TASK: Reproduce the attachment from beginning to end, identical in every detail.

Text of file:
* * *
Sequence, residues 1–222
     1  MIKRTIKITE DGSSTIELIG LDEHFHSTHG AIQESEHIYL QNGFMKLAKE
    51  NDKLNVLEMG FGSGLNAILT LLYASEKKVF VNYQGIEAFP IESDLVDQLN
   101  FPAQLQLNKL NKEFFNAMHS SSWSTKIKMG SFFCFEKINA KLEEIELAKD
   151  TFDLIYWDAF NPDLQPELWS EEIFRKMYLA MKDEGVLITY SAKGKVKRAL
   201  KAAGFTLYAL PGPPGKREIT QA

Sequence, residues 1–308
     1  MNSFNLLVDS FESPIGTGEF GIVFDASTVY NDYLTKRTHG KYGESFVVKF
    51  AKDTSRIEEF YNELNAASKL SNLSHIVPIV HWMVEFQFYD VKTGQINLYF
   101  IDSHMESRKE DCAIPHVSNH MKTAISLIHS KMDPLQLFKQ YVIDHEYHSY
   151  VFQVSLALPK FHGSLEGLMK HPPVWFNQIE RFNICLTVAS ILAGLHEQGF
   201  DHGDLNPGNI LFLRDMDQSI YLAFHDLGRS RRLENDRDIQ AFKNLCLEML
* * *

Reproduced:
Sequence, residues 1–222
     1  MIKRTIKITE DGSSTIELIG LDEHFHSTHG AIQESEHIYL QNGFMKLAKE
    51  NDKLNVLEMG FGSGLNAILT LLYASEKKVF VNYQGIEAFP IESDLVDQLN
   101  FPAQLQLNKL NKEFFNAMHS SSWSTKIKMG SFFCFEKINA KLEEIELAKD
   151  TFDLIYWDAF NPDLQPELWS EEIFRKMYLA MKDEGVLITY SAKGKVKRAL
   201  KAAGFTLYAL PGPPGKREIT QA

Sequence, residues 1–308
     1  MNSFNLLVDS FESPIGTGEF GIVFDASTVY NDYLTKRTHG KYGESFVVKF
    51  AKDTSRIEEF YNELNAASKL SNLSHIVPIV HWMVEFQFYD VKTGQINLYF
   101  IDSHMESRKE DCAIPHVSNH MKTAISLIHS KMDPLQLFKQ YVIDHEYHSY
   151  VFQVSLALPK FHGSLEGLMK HPPVWFNQIE RFNICLTVAS ILAGLHEQGF
   201  DHGDLNPGNI LFLRDMDQSI YLAFHDLGRS RRLENDRDIQ AFKNLCLEML